"Guidelines Applicable to Health Care and Child Protective Services for Infants with Life-Threatening Congenital Impairments
Pursuant to Section 504 of the Rehabilitation Act of 1973 and the Child Abuse Prevention and Treatment Act" (draft)
In response to the "Baby Doe" controversy triggered by the deliberate withholding of medical treatment from a severely
disabled newborn in an Indiana hospital, and his resulting death, the Department of Health and Human Services proposed new
guidelines for health care providers in order to prevent further deaths of this kind. The guidelines, which went through
several revisions, were controversial among department officials because they limited the professional autonomy of physicians
to make decisions about treatment. They were eventually struck down by the courts for the same reason. As a long-time surgeon
but also a firm believer in the medical rights of disabled newborns, Koop supported the guidelines only reluctantly, fearing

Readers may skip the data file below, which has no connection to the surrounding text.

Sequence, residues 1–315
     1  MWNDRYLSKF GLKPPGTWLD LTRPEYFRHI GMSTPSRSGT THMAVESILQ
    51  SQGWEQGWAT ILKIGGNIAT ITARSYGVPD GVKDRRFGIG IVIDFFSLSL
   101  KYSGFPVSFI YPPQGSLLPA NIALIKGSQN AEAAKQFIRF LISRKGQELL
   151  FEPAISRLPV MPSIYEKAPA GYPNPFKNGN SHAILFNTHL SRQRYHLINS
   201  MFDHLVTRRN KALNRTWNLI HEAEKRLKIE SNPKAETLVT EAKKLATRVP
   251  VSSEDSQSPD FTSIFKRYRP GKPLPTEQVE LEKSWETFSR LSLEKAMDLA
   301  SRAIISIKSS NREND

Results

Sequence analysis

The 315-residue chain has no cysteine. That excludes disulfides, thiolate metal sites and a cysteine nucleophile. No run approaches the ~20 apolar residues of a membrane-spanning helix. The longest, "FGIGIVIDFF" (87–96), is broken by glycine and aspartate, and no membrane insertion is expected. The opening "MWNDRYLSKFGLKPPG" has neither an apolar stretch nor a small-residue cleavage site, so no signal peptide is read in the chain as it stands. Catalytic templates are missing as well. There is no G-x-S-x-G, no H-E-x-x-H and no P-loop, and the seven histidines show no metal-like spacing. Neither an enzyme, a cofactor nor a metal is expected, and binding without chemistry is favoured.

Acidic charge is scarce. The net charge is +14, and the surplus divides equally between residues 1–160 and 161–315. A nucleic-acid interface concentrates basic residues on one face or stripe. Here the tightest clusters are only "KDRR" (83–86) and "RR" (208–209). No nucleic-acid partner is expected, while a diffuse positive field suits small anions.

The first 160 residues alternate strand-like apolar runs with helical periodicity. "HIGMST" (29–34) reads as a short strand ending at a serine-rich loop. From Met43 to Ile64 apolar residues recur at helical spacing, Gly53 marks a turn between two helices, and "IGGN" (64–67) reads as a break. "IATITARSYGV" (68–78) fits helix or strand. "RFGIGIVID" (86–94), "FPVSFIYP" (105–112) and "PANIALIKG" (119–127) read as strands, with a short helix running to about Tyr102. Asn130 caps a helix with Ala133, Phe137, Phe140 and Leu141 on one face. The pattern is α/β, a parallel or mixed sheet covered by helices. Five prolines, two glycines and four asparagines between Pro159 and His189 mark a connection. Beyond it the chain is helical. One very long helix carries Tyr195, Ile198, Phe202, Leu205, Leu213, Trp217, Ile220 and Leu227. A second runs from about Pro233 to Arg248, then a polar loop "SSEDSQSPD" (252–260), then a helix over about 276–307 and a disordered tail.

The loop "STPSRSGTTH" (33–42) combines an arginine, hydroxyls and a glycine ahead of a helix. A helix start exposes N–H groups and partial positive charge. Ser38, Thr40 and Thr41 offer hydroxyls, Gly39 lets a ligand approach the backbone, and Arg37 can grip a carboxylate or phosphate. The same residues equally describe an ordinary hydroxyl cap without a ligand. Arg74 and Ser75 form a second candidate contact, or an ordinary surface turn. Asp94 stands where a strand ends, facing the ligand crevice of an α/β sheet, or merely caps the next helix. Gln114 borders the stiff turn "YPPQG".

at the same time that they intruded too far into the relationship between physicians and parents and lacked the moral authority
of law. For Koop, resolving the controversy over the rights of physicians and parents to determine the fate of disabled newborns
required that physicians undergo continuing medical education in the latest surgical techniques to correct birth defects.
Above all, it required ongoing moral self-examination among health care providers, which Koop considered too often missing
in contemporary medicine.
NOTE: In the original document, page 4 is repeated, once with handwritten notes, and once without.
Item is a photocopy.
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United States Department of Health and Human Services
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Medical Subject Headings (MeSH):
Refusal to Treat
Congenital Birth Defects and the Medical Rights of Children: The "Baby Doe" Controversy
Memorandum from John A. Casciotti, United States Department of Health and Human Services to C. Everett Koop [on proposed "Infant
Doe" guidelines] (November 15, 1982)
Memorandum from Juan A. del Real to the Secretary of the United States Department of Health and Human Services [on proposed
"Infant Doe" guidelines] (Draft) [November 1982]
Notice to Health Care Providers [on] Discriminating against the Handicapped by Withholding Treatment or Nourishment (May 18,